While the Board of Selectmen will take up the matter of guardrails at its next meeting on Monday, Sept. 23, there has already been a decision that recently installed guardrails placed along Wild Duck Road and Woods End Drive will be removed.

A moratorium on the installation of new metal guardrails has been in effect over the summer after First Selectwoman Lynne Vanderslice received several complaints from residents. They have also been outspoken at a July Planning and Zoning Commission meeting on the Plan of Conservation and Development and at the Aug. 12 meeting of the selectmen. The residents have been critical of the appearance of the metal guardrails, particularly on Wild Duck and Woods End.

A statement released by Vanderslice’s office on Sept. 18 indicates the town’s placement standards are incomplete and don’t take into account “the many roadway and roadside characteristic scenarios.” When state standards are applied, speed limits, roadside heights and other factors are taken into account.

Those standards allow the removal of the guardrails on Wild Duck and Woods End, but town officials do not know if other guardrails can be removed as well. Going forward, an existing guardrail will not be used as evidence that a guardrail is needed at all, the statement said.

The town hired Streetscan to review the condition of town-owned roads to assist in paving priorities, but the company also captured data about guardrails, Vanderslice’s office said.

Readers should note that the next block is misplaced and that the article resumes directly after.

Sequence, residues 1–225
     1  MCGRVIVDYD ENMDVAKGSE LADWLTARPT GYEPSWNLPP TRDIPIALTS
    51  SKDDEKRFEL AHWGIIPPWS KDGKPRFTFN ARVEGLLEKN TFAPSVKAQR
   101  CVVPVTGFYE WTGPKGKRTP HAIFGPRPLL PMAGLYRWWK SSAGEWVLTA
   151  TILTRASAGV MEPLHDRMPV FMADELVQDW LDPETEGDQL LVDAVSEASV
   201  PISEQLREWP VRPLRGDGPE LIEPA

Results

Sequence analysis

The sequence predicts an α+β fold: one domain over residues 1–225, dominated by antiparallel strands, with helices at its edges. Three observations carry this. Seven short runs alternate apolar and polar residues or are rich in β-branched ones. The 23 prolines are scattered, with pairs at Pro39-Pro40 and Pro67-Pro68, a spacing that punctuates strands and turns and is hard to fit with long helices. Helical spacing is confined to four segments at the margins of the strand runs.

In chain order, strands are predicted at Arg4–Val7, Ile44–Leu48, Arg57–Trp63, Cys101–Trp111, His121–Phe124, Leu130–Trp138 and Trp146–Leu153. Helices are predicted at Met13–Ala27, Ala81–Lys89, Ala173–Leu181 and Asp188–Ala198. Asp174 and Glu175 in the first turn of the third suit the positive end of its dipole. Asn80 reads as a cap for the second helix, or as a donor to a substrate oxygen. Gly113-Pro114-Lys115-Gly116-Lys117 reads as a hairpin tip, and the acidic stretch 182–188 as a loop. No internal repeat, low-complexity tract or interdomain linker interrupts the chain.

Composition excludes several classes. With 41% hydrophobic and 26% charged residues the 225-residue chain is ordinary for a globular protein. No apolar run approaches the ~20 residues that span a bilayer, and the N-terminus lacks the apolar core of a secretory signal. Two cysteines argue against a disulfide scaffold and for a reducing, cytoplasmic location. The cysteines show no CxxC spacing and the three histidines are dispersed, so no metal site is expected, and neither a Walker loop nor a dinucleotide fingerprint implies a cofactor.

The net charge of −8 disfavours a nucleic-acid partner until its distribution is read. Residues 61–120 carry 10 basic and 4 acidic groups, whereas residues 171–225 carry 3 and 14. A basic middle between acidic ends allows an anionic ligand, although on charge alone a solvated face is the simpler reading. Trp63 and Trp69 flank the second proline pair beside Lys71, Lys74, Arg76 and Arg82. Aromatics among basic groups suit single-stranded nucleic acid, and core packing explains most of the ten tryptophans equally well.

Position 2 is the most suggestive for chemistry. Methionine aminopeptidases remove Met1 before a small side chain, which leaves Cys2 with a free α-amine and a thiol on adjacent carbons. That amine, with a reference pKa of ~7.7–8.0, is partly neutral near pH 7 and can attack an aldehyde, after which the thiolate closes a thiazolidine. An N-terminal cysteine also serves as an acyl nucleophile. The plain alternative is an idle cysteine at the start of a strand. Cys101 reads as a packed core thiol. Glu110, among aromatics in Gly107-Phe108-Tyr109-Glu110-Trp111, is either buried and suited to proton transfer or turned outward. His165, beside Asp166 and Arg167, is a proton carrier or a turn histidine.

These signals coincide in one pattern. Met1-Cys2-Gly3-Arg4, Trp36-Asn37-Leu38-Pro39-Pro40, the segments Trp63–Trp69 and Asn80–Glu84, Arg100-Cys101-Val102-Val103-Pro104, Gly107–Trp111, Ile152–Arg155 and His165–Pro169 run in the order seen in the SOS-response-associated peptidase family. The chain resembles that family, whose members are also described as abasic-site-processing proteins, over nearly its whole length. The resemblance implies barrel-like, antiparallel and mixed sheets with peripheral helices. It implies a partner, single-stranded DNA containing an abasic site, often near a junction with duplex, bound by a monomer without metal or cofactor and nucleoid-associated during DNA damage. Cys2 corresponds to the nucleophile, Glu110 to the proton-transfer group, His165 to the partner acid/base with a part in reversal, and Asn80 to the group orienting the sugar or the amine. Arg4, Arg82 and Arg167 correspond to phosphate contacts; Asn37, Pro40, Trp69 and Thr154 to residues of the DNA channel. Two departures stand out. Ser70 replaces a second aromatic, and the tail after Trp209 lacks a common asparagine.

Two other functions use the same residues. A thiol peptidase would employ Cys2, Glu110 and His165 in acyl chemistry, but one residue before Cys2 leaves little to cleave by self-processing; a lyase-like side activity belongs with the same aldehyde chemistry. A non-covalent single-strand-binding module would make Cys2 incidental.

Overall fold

“We intend to contract with Streetscan to translate that data into inventory and mapping, similar to what was provided for the roads. This will provide the [DPW] department with the necessary database to begin evaluating guiderails,” a statement said.

At the upcoming selectmen’s meeting, options for guardrail materials will be presented. A campaign to rally support for a rollback of the metal guardrails has been underway via email and social media. The campaign favors removing all metal guardrails and installing wooden guardrails where needed.

DPW and Facilities Director Chris Burney acknowledged residents’s concerns in bringing the matter forward. “This is exactly as it should happen,” he said. “Residents raise a concern, the town investigates and, where possible, makes improvements benefiting all residents.”